Maeda Daimyo Fudo Tomoshige Tanto With NBTHK Tokubetsu Hozon Certificate

Display Only

Very Rare Historically important tanto owned by Maeda Daimyo Tanto With NBTHK Tokubetsu Hozon Certificate in original wooden storage box with inner makie lacquered box with Maeda Mon on the lid . Koshirae also has Maeda mon on the saya and Kashira, excellent kozuka with Hou bird / Phoenix signed Goto Misuhisa, Kogatana has very fine horimono  .Very well forged blade with active hamon with loads of hataraki and Great Horimono of Fudo.

NBTHK Tokubetsu Hozon Certificate

KANTEI-SHO (鑑定書) ‒ APPRAISAL
No 1001416
Tantō, signed: Tomoshige (友重) (Fujishima, 藤島)
Nagasa ~ 24.9 cm
According to the result of the shinsa committee of our society, we judge this work as authentic
and rank it as Tokubetsu-Hozon Tōken.
June 28, 2013
[Foundation] Nihon Bijutsu Tōken Hozon Kyōkai, NBTHK (⽇本美術⼑劍保存協會

 

Sayagaki on Shirasaya by Kanzan Sato Sensei

不動友重
藤島之⼆字
天⽂頃之作也
⻑⼋⼨⼆分有之
昭和⼰⾣初冬
寒⼭誌「花押」
Fudō Tomoshige
Fujishima kore niji
Tenbun goro no saku nari
Nagasa hassun ni-bu kore ari
Shōwa tsuchinoto-tori shotō
Kanzan shirusu + kaō
Fudō Tomoshige [Reference to engraving of deity Fudō-Myōō]
Fujishima [smith], signed  two characters. Tomoshige.
Work from around Tenbun (1532-1555).
Blade length ~ 24.9 cm
Written by Kanzan in October of the year of the rooster of the Shōwa era (1969) + monogram

 

Ink inscription of wooden storage  box:

御守⼑
Omamori-gatana
“Protective sword”
Tag on top right of box:
前⽥家傳来名物不動友重短⼑
Maeda-ke denrai meibutsu Fudō Tomoshige tantō
“Famous tantō that was handed down within the Maeda family as Fudō Tomoshige”
Tag on bottom left of box:
哲太郎君御守⼑ 寛政⼗⼆庚申⼆⽉
Tetsutarō-kimi omamori-gatana, Kansei jūni kanoe-saru nigatsu
“Protective sword of Tetsutarō, second month of Kansei twelve (1800), year of the monkey.”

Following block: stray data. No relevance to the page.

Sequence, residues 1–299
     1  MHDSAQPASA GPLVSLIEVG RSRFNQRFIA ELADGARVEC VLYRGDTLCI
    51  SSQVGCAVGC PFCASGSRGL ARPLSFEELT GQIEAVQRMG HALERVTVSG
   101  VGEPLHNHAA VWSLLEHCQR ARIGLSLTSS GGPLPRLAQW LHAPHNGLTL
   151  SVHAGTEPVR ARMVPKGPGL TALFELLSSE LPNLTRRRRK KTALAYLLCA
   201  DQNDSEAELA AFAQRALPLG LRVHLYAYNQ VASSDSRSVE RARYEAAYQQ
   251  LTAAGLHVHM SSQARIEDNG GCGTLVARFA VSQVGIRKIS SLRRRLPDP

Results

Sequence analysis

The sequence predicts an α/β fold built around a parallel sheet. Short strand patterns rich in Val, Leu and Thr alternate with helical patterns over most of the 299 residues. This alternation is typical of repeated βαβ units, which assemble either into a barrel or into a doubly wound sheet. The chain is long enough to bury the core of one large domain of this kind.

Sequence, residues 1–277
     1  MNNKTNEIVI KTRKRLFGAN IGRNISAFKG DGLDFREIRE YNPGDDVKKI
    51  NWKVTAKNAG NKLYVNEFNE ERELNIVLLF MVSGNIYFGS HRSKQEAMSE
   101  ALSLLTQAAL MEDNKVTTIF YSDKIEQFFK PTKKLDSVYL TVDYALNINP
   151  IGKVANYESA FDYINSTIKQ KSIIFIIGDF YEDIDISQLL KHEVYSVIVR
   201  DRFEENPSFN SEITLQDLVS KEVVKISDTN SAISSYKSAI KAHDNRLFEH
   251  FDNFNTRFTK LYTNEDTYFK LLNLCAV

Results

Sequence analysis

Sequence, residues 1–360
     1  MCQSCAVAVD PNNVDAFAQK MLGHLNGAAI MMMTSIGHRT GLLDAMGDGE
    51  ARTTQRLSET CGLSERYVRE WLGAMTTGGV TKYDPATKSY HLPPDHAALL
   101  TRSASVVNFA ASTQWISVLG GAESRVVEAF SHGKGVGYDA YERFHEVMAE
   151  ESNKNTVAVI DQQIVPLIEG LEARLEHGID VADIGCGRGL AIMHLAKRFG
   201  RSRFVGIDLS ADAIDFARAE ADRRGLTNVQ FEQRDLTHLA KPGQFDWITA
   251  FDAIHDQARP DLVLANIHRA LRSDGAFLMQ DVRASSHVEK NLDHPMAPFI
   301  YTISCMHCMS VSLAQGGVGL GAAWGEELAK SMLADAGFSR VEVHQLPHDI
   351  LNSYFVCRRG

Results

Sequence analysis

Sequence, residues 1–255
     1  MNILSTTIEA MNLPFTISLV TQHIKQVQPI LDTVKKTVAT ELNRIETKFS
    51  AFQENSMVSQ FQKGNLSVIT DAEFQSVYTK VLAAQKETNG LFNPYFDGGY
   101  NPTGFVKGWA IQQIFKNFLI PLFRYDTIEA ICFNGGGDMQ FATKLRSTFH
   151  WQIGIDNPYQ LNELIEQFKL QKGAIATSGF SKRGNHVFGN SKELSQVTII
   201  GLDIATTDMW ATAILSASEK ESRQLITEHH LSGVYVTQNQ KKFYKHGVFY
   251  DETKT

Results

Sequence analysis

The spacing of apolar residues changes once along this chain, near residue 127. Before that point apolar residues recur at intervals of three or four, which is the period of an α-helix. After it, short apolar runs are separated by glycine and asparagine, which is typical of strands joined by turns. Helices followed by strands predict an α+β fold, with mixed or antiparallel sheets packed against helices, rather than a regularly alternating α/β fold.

Tag on side of box:
⼑之部
第百⼋⼗⼀号
ロ⼗七番
Katana no bu
Dai hyakuhachijūichi gō
Ro jūshichi-ban
“Sword section
Nr. 181–B17

 

Maeda Toshiyasu (前田 利保, March 23, 1800 – September 14, 1859) was the 10th daimyō of Toyama Domain in the Hokuriku region of Japan, and a noted Japanese naturalist and entomologist.

Toshiyasu was born in Edo as Keitaro (啓太郎), the second son of Maeda Toshinori, but was still underage on his father’s death, so the domain was assigned to Maeda Toshitsuyo instead. In 1811, he was adopted by Toshitsuyo to restore the line of succession and became daimyō in 1835 when Toshitsuyo retired due to illness. On taking office, the domain was hit hard by a crop failure, which continued through 1838 as part of the Tenpō famine. The domain defaulted on all its debts, and was forced to take a 30,000 ryō loan from the shogunate in 1838, followed by an additional 25,000 ryō the following year. In 1841, the domain reported that it did not have the funds to make its required sankin kōtai to Edo. In 1846, citing ill heath, Toshiyasu went into retirement in favor of his sixth son, Maeda Toshitomo. His wife was a daughter of Asano Narikata of Hiroshima Domain.

Along with Kuroda Narikiyo of Fukuoka Domain, he was also a noted scientist, and organised a society of naturalists which met each month. An account was written of the subject discussed, for instance, in September 1840 they discussed the beetle family Scarabaeidae and wrote Kyōro-shakō-zusetsu in which twenty chafer species are scientifically drawn and described. As these studies were refined each member of the group became a specialist. Maeda learned the Dutch language (the Japanese naturalists followed Philipp Franz von Siebold and also learned the French language Siebold’s choice for Fauna Japonica and Flora Japonica) and translated the Dutch language Systema Naturae into Japanese. He is also noted for authoring the Honzō Tsūkan, an encyclopaedia of Chinese medicinal herbs, which remained uncompleted in 94 volumes at the time of his death.